Course Hero. "All's Well That Ends Well Study Guide." Course Hero. 22 Mar. 2018. Web. 17 July 2018. <https://www.coursehero.com/lit/Alls-Well-That-Ends-Well/>.
Course Hero. (2018, March 22). All's Well That Ends Well Study Guide. In Course Hero. Retrieved July 17, 2018, from https://www.coursehero.com/lit/Alls-Well-That-Ends-Well/
(Course Hero, 2018)
Course Hero. "All's Well That Ends Well Study Guide." March 22, 2018. Accessed July 17, 2018. https://www.coursehero.com/lit/Alls-Well-That-Ends-Well/.
Course Hero, "All's Well That Ends Well Study Guide," March 22, 2018, accessed July 17, 2018, https://www.coursehero.com/lit/Alls-Well-That-Ends-Well/.
The countess gives this advice to her son before he leaves for France, telling him he will do well if he shows love to everyone, treats them all well, and puts his trust only in those who deserve it. Within the events of the play to unfold, Bertram will ignore all three parts of his mother's advice.
'Twere all one / That I should love a bright particular star / and think to wed it, he is so above me.
Helen bemoans her low social status, feeling it is an impossible barrier to marrying the man she loves.
Parolles uses the argument to convince Helen virginity is a conceit and she would do well to lose it as soon as possible. Helen has just told the audience, in an aside, Parolles's character can make foolishness seem like wisdom, and his argument about virginity supports Helen's perception of him.
Helen takes charge of her own destiny, recognizing it is up to her, not to prayer, to make her dreams of marrying Bertram come true.
Helen is trying to persuade the king of France to let her try to heal him, saying people often give up hope at the very moment they should not.
In mocking the court, the fool is explaining he has a single answer that can be used to respond to any question or statement put before him. The answer turns out to be "O Lord, sir!" The fool's joke, mocking the nobility, supports the main idea in the play social status doesn't determine a person's worth.
The king of France is explaining to Bertram why Helen does not need a title to make her worthy and goodness and its opposite are both clear no matter what title a person holds.
To say nothing, to do nothing, to know nothing, and to have nothing is to be a great part of your title.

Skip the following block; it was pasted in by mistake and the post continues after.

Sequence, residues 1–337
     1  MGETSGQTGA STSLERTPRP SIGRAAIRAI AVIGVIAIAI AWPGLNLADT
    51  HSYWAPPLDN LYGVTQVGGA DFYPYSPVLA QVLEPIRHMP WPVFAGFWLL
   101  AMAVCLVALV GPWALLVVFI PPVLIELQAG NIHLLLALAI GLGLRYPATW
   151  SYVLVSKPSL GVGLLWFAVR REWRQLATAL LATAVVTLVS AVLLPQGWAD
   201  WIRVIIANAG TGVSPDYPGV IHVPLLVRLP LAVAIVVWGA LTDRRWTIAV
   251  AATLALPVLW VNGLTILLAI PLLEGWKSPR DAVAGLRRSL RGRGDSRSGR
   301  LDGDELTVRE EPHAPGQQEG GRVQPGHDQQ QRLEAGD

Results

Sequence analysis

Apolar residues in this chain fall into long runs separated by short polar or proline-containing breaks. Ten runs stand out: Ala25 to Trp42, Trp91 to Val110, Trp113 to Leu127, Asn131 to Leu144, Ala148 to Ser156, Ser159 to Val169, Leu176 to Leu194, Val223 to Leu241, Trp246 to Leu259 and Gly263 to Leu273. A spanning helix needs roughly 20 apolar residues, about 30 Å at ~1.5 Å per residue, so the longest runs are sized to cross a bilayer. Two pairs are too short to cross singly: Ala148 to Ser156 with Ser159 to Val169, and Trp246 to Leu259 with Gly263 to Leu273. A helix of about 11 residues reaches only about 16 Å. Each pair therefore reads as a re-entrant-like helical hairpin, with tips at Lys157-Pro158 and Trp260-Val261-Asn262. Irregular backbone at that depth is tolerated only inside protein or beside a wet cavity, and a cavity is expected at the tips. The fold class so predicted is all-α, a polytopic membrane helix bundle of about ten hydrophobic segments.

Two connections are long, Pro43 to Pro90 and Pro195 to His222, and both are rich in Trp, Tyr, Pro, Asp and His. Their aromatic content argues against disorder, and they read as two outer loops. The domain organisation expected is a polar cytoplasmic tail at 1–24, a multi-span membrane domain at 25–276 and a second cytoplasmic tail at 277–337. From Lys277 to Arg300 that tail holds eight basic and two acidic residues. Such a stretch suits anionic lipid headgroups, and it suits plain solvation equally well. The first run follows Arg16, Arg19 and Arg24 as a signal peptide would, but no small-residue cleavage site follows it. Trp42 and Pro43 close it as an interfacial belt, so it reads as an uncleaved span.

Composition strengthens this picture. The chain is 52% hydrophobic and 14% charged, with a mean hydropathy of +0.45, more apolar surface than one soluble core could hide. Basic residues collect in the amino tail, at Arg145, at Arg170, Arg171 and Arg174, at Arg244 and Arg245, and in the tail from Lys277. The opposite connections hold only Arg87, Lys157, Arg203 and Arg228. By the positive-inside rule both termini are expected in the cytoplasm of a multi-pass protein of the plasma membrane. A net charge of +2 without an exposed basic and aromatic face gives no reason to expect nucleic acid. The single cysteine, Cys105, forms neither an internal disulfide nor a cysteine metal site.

The Fool shows he sees Parolles for what he is—an empty person with no redeeming characteristics.
There can be no kernel in this light nut. The soul of this man is his clothes.
Lafew, like the fool, sees Parolles for the weak and unsubstantial parasite he is and tries to warn Bertram not to trust him.
Make me but like my thoughts, and I shall prove / A lover of thy drum, hater of love.
Bertram proclaims all he cares about is proving himself worthy in battle, represented by the drum, and the trivialities of love mean nothing to him. However, once distinguished in war, he will quickly turn his thoughts toward seducing Diana.
Mariana, the widow of Florence's neighbor, is warning Diana about Bertram, saying nothing he can offer her is more precious than her good name.
The web of our life is of a mingled yarn, good and ill together.
The First Lord Dumaine muses our lives are a mix of virtuous and regrettable actions.
Who knows himself a braggart, / Let him fear this, for it will come to pass / That every braggart shall be found an ass.
After having been exposed as a liar, coward, and disloyal soldier, the pompous Parolles tells the audience every braggart will be proven to be a fool in the end.
All's well that ends well ... / Whate'er the course, the end is the renown.
Helen is comforting the widow of Florence and Diana when their plans go offtrack, telling them as long as everything turns out the way it should, nothing that happens along the way really matters.